In Stav Hall at breakfast time, it is very common to see many students with a newspaper clutched in their hand, eagerly scanning the stories as they munch on waffles and eggs. Students start off their day by taking some time to themselves and catching up on the news of the day. So when the Student Government Association (SGA) sent out an email that stated they were considering canceling the Collegiate Readership Program, which provides physical copies of The New York Times, Minneapolis Star Tribune and USA Today to students, I was initially shocked. The $28,000 investment to this newspaper delivery program would instead fund student organizations like the Sexual Assault Resource Network, St. Olaf EMT and The Greater Than Campaign.
There is something to be said about having a fresh, crisp paper to hold in your hands and read. And certainly, reading a physical copy of the paper allows you to skim through a variety of different articles – perhaps articles that you would not normally see online. But, if money is limited, then SGA may be right in saying that the money is better spent going towards student organizations on campus. It is so important that groups like The Greater Than Campaign, the St. Olaf EMTs and the Sexual Assault Resource Network are receiving enough funding to provide St. Olaf students with the best access to health and medical care.
The “termination” of the Collegiate Readership Program at St. Olaf could also be a reflection of the world’s changing times. Nowadays, most people have access to news online. As new technology like the internet and smartphones have taken over, newspaper companies have adjusted by providing online subscriptions to people. Why go outside to retrieve your morning paper when you have access to news on your phone? Through Apple News and newspaper apps it is easy for people to get regular updates about what is going on in the world on their phones and computers. It is my belief that students who are avid lovers of reading the news will not be phased by SGA’s decision to stop the newspaper delivery program as they already have news apps on their phones. However, what about students who do not read the news daily, but only once in a while, when they have time to pick up a physical copy of a paper like The New York Times?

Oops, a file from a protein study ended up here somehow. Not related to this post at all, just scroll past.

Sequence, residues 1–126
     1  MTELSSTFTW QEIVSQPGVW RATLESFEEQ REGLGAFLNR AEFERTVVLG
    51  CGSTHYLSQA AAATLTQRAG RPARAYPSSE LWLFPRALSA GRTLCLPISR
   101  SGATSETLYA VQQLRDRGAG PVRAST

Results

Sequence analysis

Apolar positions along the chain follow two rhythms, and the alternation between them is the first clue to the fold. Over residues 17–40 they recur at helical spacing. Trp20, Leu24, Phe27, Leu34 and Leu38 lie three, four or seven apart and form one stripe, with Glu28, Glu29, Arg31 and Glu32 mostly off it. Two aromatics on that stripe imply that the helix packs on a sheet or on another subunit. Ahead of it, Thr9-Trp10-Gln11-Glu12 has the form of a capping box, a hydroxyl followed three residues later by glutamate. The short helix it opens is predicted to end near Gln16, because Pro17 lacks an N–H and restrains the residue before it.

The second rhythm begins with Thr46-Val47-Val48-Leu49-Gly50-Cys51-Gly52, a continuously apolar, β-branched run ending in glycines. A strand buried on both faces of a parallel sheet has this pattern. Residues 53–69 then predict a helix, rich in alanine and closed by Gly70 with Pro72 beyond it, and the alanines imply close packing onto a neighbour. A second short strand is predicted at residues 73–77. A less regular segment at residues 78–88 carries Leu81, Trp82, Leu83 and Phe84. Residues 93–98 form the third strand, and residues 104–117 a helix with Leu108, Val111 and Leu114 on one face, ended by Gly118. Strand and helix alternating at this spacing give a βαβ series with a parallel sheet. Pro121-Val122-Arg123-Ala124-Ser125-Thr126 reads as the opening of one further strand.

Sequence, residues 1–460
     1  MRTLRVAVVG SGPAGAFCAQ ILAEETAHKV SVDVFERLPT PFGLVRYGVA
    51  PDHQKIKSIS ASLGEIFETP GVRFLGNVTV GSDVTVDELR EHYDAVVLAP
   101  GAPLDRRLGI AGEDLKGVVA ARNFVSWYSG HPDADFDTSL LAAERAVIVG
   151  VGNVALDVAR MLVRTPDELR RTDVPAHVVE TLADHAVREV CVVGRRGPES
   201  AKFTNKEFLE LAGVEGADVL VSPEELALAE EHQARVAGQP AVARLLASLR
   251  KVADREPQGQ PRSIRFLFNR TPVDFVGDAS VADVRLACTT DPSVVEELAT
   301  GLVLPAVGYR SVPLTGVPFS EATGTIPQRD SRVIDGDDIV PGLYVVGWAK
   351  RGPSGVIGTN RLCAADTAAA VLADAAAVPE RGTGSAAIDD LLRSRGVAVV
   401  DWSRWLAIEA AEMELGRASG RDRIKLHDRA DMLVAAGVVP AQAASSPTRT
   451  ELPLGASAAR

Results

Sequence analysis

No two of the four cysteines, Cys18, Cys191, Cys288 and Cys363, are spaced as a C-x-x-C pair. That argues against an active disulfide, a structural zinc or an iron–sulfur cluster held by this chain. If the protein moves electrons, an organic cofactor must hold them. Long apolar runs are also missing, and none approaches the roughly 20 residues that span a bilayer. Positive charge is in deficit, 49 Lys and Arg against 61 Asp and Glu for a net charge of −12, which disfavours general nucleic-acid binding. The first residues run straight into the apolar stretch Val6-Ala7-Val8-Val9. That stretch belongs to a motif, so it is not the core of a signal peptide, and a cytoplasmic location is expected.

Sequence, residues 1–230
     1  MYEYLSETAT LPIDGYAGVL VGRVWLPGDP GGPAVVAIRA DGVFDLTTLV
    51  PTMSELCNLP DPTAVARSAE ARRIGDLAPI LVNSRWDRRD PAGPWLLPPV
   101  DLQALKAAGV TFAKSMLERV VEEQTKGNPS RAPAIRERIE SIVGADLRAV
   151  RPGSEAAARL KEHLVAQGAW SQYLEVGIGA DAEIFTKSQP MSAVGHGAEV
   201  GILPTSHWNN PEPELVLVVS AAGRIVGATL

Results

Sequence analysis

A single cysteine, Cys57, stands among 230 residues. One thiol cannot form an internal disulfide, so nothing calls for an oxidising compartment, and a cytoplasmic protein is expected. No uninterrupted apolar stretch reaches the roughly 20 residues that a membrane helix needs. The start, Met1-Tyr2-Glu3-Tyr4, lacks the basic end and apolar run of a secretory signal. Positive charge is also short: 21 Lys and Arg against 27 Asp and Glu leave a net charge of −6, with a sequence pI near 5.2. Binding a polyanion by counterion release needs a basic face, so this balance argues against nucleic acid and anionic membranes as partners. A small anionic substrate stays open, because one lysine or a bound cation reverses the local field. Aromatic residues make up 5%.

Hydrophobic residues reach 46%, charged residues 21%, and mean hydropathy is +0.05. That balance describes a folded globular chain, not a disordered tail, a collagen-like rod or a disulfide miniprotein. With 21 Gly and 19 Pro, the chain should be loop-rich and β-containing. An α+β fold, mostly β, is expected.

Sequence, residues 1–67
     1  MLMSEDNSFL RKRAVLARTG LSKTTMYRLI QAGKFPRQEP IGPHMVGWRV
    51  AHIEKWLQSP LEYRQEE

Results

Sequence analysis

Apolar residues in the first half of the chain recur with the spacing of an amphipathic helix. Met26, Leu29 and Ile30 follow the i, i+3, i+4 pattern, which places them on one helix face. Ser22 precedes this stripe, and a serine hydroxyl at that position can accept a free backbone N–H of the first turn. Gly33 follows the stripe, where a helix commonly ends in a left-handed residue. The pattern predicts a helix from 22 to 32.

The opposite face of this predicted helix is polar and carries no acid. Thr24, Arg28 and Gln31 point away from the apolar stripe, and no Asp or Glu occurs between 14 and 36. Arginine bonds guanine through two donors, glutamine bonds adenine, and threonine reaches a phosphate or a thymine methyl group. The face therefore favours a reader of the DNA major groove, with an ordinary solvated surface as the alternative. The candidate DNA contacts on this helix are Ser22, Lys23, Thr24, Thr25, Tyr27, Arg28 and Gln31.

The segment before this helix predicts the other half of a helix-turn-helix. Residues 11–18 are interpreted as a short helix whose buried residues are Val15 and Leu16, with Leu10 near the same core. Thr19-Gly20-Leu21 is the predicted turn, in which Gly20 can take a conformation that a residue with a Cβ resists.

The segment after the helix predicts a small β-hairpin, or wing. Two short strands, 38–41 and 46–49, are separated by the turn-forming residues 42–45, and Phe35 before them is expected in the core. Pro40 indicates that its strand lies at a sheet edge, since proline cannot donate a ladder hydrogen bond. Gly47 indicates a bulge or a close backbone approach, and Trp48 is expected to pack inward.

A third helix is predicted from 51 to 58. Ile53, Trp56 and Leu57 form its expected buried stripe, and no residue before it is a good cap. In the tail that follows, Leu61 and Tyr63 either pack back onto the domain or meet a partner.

It is important that St. Olaf still gives students access to news resources, and as the email from SGA Chief Financial Officer Justice Nwigwe states, “Students and faculty will still have access to various onlines news sources in the St. Olaf Library Catalog and Internet Services.” After doing some digging, I found out that the library provides students with a digital subscription access to the New York Times and students need to register using their St. Olaf credentials when they first access the site. Although the New York Times is the only digital subscription that is available to students, articles from the Star Tribune and other papers are available through the U.S. Newstream database.
If the Collegiate Readership Program at St. Olaf is stopped, it is great to know that students have access to a digital subscription of a reputable news source like the New York Times. Students must also take advantage of free news sources that can be downloaded as apps on their phones and found online. For example, online news sites like Politico, NPR, BBC and the Huffington Post are all free and can provide students with their daily dosage of news.
For people who really want to fight to have physical copies of newspapers stay on campus, perhaps the St. Olaf alumni association can reach out to donors to pay for the newspaper delivery program. But, due to changing times, and with people getting more access to news on their phones, not having access to hard copy papers may not be hugely impactful to the majority of students.
Laras Kettner ’21 (email@example.com) is from Falls Church, Va. She majors in nursing.